1. Be honest with yourself.

One of the most valuable skills you’ll learn in life is the ability to call yourself out—when you’re playing it safe because you’re scared to fail or maybe even scared to succeed, or you’re closing off your heart because you’re afraid of being hurt.
In the moment it feels comforting. You can do what you always did and not push yourself into unfamiliar territory. But we tend to regret the things we didn’t do more than the things we did.
Don’t lie to yourself about your instincts or motivations. It may feel safe in the moment, but it will one day grow into regret about who you could have become.

2. Let yourself be vulnerable.

I once felt there was nothing more terrifying than letting go of control. I held a tight grip on who I really was because I wanted to shape other people’s perceptions of me. I had a very limited list of approved adjectives: smart, kind, talented, successful, awesome.
I don’t love knowing someone may form a different opinion of me, but it’s liberating to honor where I’m at in any moment, and let people decide for themselves what they think about that.
When you’re willing to be seen as someone who makes mistakes and has flaws, you’re essentially telling yourself being human isn’t something to be ashamed of.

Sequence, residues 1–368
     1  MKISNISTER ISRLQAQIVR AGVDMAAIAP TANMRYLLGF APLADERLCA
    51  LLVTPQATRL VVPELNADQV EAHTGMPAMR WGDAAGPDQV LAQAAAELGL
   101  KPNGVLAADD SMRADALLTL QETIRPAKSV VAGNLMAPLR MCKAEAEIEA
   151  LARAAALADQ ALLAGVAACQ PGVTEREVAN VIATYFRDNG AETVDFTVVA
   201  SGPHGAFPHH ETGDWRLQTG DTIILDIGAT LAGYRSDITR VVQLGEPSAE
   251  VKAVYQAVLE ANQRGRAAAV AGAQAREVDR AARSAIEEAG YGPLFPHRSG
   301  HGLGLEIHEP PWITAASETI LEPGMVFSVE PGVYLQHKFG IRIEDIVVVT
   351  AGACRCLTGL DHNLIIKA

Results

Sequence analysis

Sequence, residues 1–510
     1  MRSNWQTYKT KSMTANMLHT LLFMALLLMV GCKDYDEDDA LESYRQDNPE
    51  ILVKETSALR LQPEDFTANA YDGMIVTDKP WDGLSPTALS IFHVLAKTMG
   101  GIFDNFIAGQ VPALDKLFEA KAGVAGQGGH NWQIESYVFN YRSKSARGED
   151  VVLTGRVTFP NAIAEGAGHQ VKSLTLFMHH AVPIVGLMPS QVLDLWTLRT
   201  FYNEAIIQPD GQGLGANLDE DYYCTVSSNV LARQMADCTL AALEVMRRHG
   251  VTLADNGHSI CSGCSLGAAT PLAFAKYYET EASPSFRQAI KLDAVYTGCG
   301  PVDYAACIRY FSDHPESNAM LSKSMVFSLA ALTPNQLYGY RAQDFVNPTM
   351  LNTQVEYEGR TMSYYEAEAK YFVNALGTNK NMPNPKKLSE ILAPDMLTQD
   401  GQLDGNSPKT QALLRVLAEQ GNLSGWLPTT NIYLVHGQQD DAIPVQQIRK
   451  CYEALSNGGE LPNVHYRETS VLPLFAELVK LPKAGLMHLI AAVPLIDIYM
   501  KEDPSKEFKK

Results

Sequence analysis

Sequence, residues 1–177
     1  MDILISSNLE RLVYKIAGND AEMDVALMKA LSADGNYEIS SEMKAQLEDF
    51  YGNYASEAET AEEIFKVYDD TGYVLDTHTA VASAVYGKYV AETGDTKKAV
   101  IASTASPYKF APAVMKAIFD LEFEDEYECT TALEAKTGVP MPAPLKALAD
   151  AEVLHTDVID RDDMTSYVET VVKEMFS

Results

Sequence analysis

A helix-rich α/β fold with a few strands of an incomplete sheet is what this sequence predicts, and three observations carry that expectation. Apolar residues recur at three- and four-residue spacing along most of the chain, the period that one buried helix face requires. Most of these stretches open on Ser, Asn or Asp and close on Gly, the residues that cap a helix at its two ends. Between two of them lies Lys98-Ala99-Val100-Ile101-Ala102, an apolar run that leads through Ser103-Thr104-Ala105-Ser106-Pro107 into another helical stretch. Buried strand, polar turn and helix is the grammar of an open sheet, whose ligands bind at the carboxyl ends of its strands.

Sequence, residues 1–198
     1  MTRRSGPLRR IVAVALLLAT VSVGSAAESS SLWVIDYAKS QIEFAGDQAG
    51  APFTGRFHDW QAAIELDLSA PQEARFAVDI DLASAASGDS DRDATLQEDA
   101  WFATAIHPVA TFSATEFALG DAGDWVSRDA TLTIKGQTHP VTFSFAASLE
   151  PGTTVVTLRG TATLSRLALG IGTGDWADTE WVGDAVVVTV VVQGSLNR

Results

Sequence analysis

People may sometimes form judgments. But they’ll respect your authenticity, and they may learn to let go a little themselves—something that can be a tremendous relief.

3. Live in accordance with your values.

Everyone has a different idea of what’s important and what it means to be a good person. If you try to align your life with someone else’s values, you’ll likely feel unfulfilled.
If your main source of joy is spending time with your family, would it really make sense to take on a high-paying job that limits the time you can spend with them?
Make a list of the cornerstones of your happiness and then take an honest inventory of your current situation. Does it parallel the priorities you listed?

4. See as much as you can of what’s right in front of you.

People often live life caught in two mental strongholds: regret for the past and worry for the future. In looking back on the years I’ve lived so far, I know I’ve spent more time engaging in those activities than truly being present.
Whenever I catch myself, I check in with my five senses and experience what’s in front of me as fully as I possibly can.
I notice the details. Hear the sounds. And seep into the moment. I know I won’t do this all the time, but it adds up to create more time truly living in the now.

5. Treat yourself like you want other people to treat you.

It happens all the time. You don’t get a job, so you start reviewing all your failures. You hurt a friend, so you start beating yourself up.
We make mistakes and we always will. As long as you acknowledge them, make amends as best you can, and learn from them, there’s no reason to stop treating yourself with kindness.
Other people will take their cue from you. You decide how you deserve to be treated.

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